Apps built for Apple Watch consist of two parts: a WatchKit app and a WatchKit extension. The WatchKit app resides on the user’s Apple Watch and contains your storyboard and resource files but no code. The WatchKit extension resides on the user’s iPhone (inside your containing iOS app) and contains the code and resource files for managing your WatchKit app’s interface.
The WatchKit app and WatchKit extension work in tandem to implement your app’s interface. When the user interacts with your app on Apple Watch, your WatchKit app chooses the appropriate scene from your storyboards to handle that interaction. For example, if the user views your app’s glance, it chooses your glance scene. After choosing the scene, WatchKit tells the paired iPhone to launch your WatchKit extension and create the objects needed to manage that scene. When the scene is fully configured, it is displayed on Apple Watch. The transfer of information between the WatchKit app and WatchKit extension happens transparently behind the scenes.
Each scene is managed by a single interface controller object, which is an instance of the WKInterfaceController class. An interface controller in WatchKit serves the same purpose as a view controller in iOS: it presents and manages content on the screen and responds to user interactions with that content. Unlike a view controller, an interface controller does not manage the actual views of your interface. Those views are managed for you behind the scenes by WatchKit.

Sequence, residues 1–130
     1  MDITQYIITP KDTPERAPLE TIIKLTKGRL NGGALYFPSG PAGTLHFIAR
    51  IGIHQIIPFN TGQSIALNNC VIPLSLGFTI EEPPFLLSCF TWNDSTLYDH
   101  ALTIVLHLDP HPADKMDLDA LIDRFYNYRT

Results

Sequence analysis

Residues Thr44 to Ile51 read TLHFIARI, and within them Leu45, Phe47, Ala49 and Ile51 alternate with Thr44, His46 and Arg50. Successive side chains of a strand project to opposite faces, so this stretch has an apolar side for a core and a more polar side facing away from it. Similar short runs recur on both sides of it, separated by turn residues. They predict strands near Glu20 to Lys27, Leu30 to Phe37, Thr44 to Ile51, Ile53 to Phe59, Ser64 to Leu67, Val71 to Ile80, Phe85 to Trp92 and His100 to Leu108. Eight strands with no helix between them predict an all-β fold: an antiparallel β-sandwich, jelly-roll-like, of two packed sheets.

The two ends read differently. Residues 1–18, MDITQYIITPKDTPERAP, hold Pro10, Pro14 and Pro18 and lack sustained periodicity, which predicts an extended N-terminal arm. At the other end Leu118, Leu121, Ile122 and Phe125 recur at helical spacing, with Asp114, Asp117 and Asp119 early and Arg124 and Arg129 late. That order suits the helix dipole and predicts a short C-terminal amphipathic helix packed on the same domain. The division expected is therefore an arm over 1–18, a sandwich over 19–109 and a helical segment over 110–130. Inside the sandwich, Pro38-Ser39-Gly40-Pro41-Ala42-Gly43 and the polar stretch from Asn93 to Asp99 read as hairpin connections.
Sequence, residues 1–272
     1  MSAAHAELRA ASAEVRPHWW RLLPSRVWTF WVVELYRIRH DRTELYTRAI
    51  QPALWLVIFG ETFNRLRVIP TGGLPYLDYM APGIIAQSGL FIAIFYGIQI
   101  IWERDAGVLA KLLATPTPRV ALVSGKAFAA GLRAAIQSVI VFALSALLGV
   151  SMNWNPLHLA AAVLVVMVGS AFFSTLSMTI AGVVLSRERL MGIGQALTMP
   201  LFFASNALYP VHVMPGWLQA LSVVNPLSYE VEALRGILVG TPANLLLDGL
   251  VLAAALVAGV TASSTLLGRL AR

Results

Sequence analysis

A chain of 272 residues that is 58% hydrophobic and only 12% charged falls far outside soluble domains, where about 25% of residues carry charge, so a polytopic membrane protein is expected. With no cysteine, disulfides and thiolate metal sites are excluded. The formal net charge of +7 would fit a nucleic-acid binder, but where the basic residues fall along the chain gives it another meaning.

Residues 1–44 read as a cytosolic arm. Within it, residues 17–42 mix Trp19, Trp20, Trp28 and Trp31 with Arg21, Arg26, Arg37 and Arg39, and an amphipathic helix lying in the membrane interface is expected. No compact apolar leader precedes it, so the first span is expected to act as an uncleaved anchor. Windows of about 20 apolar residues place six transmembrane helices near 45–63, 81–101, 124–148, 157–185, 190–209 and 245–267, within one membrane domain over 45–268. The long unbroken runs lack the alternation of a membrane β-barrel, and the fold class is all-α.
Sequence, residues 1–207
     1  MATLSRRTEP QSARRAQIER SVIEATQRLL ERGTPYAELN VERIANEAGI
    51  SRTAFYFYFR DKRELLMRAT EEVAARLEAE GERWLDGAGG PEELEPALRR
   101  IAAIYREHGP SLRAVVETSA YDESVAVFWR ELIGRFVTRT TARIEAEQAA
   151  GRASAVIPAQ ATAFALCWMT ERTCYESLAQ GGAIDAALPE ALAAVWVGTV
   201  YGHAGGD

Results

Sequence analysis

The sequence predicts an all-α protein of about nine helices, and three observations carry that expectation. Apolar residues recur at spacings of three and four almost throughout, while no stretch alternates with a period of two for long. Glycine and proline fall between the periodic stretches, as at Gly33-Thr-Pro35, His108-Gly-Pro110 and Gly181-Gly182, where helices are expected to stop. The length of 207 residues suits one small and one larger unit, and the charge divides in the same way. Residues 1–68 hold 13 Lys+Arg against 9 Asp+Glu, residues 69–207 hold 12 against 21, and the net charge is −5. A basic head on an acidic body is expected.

WatchKit App Architecture
WatchKit App Life Cycle
WatchKit apps typically contain multiple interface controllers, where each interface controller displays a different type of information. Because only one interface controller at a time is displayed onscreen, an app presents new interface controllers in response to user actions. Apps can present interface controllers modally. The navigation style of an app also determines how interface controllers are presented.